Alex Blumberg and Matt Lieber are seeing a therapist and they don’t care who knows it.
More specifically, the Gimlet founders are seeing a business therapist — executive coach Jerry Colonna, who they first met when he appeared on Gimlet’s first podcast, StartUp. That show, hosted by Blumberg, exposed the “myth of the entrepreneur” and how fraught founding a business can be.
“If you ask any entrepreneur how it’s going — ‘Oh, we’re crushing it, Peter!’” Lieber said on the latest episode of Recode Media with Peter Kafka. “‘We just made a great hire! We just closed our most recent round of funding! We got Mastercard as a client! Everything’s going great!’ The truth is, the way it feels is 180 degrees the opposite. It feels like everything is about to break.”
Now, Gimlet has more than 110 employees on the payroll and, last year, it raised $20 million, bringing the company’s valuation to $55 million. Blumberg said the stakes have been raised such that when he and Lieber make mistakes, they have the potential to do more damage. He praised Colonna as “instrumental” in helping them identify their own limitations before those mistakes happen.
“A thing that brings down lots and lots of leaders is their own blind spots about their own triggers, or their own things where they’re acting not out of rational interest but because they’re acting out of emotion that they don’t understand,” he said. “And I think that’s very real. If you haven’t fully come to grips with what your baggage is, it just spreads throughout your organization.”
On the new podcast, Lieber and Blumberg also talked about how Gimlet is expanding beyond original audio shows like StartUp, Crimetown and Reply All and into two newer businesses: Film and TV adaptations of their podcasts, such as a TV series reworking of the show Homecoming, now starring Julia Roberts, that will hit Amazon this fall; and branded podcasts, which are completely underwritten by a single sponsor.
“No one is going to listen to a 20-minute advertisement for Gatorade or Tinder or anyone else,” Lieber said. “So our starting assumption is, put the listener first. Let’s actually make a show that we feel like fills a need in the market.”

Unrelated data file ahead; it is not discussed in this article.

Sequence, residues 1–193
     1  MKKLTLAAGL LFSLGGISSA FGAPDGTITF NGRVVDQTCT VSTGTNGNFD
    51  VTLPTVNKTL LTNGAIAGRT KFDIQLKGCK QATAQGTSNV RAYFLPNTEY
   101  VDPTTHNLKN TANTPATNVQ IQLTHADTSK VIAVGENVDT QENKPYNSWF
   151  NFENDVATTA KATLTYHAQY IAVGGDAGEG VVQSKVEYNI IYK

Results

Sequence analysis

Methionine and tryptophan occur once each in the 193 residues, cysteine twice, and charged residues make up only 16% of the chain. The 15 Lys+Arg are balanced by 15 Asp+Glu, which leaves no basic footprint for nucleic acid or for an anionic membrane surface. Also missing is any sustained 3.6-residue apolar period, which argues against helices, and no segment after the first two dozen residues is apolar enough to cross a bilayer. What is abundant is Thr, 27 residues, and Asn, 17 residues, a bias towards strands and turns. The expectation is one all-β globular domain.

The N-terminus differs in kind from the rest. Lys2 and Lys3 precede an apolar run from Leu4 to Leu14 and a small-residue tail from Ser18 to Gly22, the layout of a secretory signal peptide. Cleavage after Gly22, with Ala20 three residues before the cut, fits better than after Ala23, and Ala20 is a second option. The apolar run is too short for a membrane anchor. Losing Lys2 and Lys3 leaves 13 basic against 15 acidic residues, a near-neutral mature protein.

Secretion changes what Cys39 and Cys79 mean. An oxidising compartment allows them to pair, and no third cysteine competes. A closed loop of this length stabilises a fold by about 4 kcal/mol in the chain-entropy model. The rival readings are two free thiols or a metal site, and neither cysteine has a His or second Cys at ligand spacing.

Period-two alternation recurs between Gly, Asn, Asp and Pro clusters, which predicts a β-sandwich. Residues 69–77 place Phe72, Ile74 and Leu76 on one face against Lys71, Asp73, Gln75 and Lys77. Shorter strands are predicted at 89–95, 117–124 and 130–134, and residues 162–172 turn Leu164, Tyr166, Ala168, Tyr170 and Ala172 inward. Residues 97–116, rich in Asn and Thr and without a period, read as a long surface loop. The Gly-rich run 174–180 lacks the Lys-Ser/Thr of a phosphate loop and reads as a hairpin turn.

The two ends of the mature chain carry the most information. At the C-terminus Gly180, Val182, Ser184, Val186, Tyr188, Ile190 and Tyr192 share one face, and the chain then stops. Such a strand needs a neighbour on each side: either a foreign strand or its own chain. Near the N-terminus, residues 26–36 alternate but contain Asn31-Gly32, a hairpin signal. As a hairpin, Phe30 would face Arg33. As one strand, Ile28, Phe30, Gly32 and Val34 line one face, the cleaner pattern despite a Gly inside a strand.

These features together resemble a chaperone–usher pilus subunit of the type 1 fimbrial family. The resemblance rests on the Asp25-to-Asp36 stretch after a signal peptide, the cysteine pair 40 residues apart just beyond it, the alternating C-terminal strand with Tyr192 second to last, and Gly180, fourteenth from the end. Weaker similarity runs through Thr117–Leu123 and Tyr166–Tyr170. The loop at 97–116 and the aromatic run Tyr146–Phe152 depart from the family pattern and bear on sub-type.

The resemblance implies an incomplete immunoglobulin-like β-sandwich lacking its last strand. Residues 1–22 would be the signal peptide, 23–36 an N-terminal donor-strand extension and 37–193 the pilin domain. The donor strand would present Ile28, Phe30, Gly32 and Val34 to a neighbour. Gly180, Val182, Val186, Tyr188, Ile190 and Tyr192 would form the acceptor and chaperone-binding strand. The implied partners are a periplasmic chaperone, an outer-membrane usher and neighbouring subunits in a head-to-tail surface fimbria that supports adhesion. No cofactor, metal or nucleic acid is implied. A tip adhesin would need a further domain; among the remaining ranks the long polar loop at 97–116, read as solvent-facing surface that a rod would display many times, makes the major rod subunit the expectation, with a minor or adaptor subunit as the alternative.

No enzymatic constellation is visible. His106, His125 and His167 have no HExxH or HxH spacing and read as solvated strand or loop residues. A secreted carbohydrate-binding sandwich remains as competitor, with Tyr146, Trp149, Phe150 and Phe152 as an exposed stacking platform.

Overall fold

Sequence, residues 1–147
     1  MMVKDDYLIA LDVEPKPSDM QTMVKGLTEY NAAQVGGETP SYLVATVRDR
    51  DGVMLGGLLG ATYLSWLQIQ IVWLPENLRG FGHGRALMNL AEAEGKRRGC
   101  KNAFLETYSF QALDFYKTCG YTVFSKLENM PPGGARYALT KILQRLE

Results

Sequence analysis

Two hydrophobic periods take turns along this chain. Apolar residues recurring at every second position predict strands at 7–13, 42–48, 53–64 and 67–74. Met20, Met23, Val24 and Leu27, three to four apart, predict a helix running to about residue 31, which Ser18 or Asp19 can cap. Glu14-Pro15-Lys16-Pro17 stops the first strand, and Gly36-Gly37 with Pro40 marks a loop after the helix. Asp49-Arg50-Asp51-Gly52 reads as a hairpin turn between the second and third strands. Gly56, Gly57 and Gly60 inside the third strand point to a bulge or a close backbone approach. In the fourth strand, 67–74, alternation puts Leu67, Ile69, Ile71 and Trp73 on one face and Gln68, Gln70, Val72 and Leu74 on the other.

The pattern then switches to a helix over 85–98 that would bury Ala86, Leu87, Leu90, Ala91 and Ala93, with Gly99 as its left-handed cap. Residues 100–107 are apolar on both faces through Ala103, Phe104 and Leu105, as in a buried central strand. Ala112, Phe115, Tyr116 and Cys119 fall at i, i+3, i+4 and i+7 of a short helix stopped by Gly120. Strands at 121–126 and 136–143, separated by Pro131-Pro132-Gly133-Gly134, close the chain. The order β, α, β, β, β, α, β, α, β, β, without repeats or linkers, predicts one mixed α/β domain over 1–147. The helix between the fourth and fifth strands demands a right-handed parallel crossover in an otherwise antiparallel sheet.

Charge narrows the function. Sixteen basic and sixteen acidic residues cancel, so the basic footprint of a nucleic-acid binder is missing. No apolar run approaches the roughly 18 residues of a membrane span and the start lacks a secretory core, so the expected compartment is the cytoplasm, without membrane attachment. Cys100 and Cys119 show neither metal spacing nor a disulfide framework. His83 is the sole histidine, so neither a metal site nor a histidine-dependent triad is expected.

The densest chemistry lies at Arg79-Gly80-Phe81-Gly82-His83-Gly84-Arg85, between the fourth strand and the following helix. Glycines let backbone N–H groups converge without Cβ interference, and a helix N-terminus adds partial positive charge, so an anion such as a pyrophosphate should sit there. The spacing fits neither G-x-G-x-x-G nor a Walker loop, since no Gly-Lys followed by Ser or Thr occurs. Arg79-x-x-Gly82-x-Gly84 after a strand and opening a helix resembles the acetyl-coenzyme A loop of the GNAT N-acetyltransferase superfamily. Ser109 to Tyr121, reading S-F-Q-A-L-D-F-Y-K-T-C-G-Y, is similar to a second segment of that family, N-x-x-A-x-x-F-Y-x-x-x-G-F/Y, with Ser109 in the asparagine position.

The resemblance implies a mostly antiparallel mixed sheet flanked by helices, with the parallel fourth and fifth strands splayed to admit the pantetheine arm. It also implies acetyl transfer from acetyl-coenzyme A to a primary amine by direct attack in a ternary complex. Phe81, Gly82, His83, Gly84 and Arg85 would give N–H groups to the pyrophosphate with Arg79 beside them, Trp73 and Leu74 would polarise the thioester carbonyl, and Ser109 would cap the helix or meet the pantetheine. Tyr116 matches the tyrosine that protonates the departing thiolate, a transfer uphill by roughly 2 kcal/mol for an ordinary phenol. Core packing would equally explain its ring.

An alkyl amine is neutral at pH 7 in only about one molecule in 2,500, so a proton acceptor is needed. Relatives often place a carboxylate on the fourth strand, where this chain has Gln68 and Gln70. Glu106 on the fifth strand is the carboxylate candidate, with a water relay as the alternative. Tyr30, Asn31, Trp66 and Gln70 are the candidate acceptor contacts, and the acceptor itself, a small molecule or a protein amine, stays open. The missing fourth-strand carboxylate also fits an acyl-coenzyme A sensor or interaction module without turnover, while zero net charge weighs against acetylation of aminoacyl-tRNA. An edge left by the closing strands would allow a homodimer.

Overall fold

So for a show like The Secret to Victory, a sports podcast sponsored by Gatorade, Gimlet has educated its sponsors about the importance of “emotional honesty” in audio, Blumberg said. If people hear other people talking in an authentic way, they won’t turn it off or tune it out.
And from a business perspective, that sound also ripples out to how a podcast goes viral.
“Podcasts are an intent-driven medium,” Lieber said. “Podcasts are not like Facebook, where someone goes and just sees what’s in the Feed, and if the Feed serves you branded content or it serves you your cousin’s photos or it serves you news, you’ll take a look at it. Podcasts, people actually have to seek them out, or a friend has to tell them, ‘Hey, this is a really interesting show.’ That’s the final argument for why you have to make the programming good and it can’t feel like an ad.”
If you like this show, you should also sample our other podcasts:
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- Too Embarrassed to Ask, also hosted by Kara Swisher, answers all of the tech questions sent in by our readers and listeners. You can hear new episodes every Friday on Apple Podcasts, Spotify, Pocket Casts, Overcast or wherever you listen to podcasts.
This article originally appeared on Recode.net.